Contact theSOPAbout theSOPSupport theSOPWritersEditorsManaging Editors
theSOP logo
Published:July 3rd, 2006 09:11 EST
Future Leaders to Discuss Western - Muslim Relations

Future Leaders to Discuss Western - Muslim Relations

By Sarah Choudhary

The CUNY Graduate Center is set to host a Young Global Leaders Summit for exceptional students on July 8, 2006 in downtown New York City at the CUNY Graduate Center's Proshansky Auditorium. These future leaders have been selected from across the country to attend the conference through a nomination and application process. The summit’s main focus will be the future of Western- Muslim relations in the world.

Topics that will be discussed during the summit include: Where Muslim and Western relations stand five years after the attacks on 9/11; are we on the right path to improving relations and what will be the long-term plan for strengthening relations between the Islamic world and the United States. Students will have the opportunity to discuss such pressing matters with numerous guest speakers. Confirmed speakers include:

Shamil Idriss, Deputy Director, United Nations Office of the Alliance of Civilizations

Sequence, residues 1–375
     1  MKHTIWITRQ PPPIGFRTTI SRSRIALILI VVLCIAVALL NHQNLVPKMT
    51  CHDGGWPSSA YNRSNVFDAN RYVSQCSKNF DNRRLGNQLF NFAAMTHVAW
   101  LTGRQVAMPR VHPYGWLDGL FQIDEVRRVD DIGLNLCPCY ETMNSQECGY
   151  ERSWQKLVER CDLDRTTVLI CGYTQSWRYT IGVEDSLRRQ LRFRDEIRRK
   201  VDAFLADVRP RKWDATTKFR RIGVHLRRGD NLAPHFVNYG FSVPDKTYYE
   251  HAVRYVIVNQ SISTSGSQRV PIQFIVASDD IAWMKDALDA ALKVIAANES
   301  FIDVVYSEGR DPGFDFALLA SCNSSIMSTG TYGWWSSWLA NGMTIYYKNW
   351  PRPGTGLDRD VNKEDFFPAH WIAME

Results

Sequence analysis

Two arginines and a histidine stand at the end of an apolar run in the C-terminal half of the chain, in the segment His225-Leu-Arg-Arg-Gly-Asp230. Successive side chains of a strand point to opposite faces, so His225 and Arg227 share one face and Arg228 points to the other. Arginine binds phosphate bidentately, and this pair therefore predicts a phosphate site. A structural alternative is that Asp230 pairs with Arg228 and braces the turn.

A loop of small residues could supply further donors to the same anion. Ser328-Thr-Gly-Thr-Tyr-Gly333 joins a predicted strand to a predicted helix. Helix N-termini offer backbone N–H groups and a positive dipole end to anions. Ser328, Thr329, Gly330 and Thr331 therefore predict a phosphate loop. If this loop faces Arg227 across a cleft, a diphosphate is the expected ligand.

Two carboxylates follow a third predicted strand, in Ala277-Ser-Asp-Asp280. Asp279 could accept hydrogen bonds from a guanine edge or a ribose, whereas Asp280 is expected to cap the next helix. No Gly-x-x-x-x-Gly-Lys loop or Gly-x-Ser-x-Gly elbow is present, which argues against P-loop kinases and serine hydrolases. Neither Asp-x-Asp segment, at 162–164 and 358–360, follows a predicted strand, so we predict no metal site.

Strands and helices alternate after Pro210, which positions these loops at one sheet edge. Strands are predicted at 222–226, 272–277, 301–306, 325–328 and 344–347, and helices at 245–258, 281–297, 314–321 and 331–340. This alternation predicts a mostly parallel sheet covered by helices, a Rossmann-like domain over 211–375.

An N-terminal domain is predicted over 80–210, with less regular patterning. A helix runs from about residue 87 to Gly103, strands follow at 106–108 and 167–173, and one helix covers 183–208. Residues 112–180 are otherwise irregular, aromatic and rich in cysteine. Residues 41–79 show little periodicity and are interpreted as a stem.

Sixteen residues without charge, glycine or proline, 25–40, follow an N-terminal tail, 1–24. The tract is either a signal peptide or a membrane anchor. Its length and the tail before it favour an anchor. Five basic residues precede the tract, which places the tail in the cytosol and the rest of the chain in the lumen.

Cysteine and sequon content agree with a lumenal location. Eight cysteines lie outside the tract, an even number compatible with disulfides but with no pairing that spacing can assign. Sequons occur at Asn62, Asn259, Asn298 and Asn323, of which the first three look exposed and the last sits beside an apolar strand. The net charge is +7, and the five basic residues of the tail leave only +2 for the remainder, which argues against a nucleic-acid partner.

Sasha Mehra, Deputy to the Senior Advisor to the U.S. Secretary of State for Women's Empowerment
Andrea Bartoli, Director, Center for International Conflict Resolution, Columbia University
Sarah Leah Whitson, Executive Director, Middle East and North Africa Division, Human Rights Watch
Joe Lauria, U.N. correspondent for the Boston Globe and investigative reporter for the Sunday Times of London
Rev. Raewynne J. Whiteley, Author of "Get Up Off Your Knees: Preaching the U2 Catalog"
Laura Bagnetto, Correspondent, Saudi Press Agency
Masood Haider, President of the U.N. Correspondents Association and U.N. Correspondent for the Daily DAWN
Abdelkader Abbadi, UN Correspondent for The Independent in New York, former Director of the Department of Political Affairs at the U.N. and former Deputy-Director of Security Council Affairs at the U.N.

The young leaders will also be able to take part in workshops that will aid them in organizing their own events to discuss these matters when they return to their university’s campus. The summit is free for selected participants, including tuition and food thanks to support from the Open Society Institute, the Ford Foundation, the Hewlett Foundation, and the Rockefeller Brothers Fund. This conference is being hosted by Americans for Informed democracy (AID) which is a non-profit and non- partisan organization. For more information on this organization that works to motivate future leaders, visit www.aidemocracy.org.

The daylong summit will give the students a chance to voice their opinions on one of the most important issues in global affairs.